Transdermal glyceryl trinitrate (GTN) has potential beneficial properties in acute stroke including intracerebral hemorrhage (ICH) and possible clinical benefits suggested in ultra-early stroke (≤ 6 hours). Our meta-analysis updated the evidence on its safety and benefits in acute stroke.
We searched major electronic databases for randomised trials comparing transdermal GTN vs placebo/control in acute stroke. Primary outcomes were mortality, 90-day modified Rankin Scale (mRS) and blood pressure (BP) effects. Secondary outcomes included early, late, resource utilisation and surrogate outcomes. Safety outcomes were adverse events. Reviewers identified studies, extracted data, assessed risk of bias (RoB) using a modified Cochrane RoB instrument and quality of evidence (QoE) using GRADE. We also performed a priori subgroup and trial sequential analyses (TSA) on primary outcomes. These subgroup analyses were; ICH vs ischemic stroke; minor (NIHSS ≤ five) vs major (NIHSS > five) ischemic stroke; ischemic stroke with vs without thrombolysis; prehospital vs non prehospital settings; time from stroke to randomization ≤ six vs > six hours and high vs low overall RoB studies.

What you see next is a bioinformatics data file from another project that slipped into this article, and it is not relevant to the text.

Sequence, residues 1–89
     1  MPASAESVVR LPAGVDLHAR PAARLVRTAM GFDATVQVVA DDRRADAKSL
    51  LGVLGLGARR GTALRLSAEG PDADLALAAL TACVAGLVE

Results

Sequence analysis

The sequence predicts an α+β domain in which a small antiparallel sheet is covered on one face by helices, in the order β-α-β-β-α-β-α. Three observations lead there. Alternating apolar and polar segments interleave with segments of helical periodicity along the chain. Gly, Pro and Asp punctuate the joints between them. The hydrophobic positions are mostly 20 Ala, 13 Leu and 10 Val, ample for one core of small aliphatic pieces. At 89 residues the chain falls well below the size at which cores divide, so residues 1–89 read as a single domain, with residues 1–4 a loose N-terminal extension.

7 eligible primary trials enrolled 5363 patients. GTN reduced systolic BP [mean difference (MD) -4.74; 95% CIs -6.03 to -3.45 mmHg] and diastolic BP (MD -2.94; 95% CIs -3.74 to -2.13 mmHg) 24 hours post treatment but did not affect 4-10-day mortality [relative risk (RR) 1.11; 95% CIs 0.82 to 1.49], 90-day mortality [RR 0.96; 95% CIs 0.77 to 1.19] and 90-day mRS >2 (RR 0.98; 95% CIs 0.93 to 1.03) compared to control/placebo. The QoE was high for primary outcomes with no subgroup effects detected. GTN did not affect secondary outcomes and increased risk of headache and hypotension. TSA generally supported our conclusions regarding primary outcomes.
Transdermal GTN reduces BP in acute stroke but does not alter clinical outcomes even in ultra-early stroke (≤ 6 hours).

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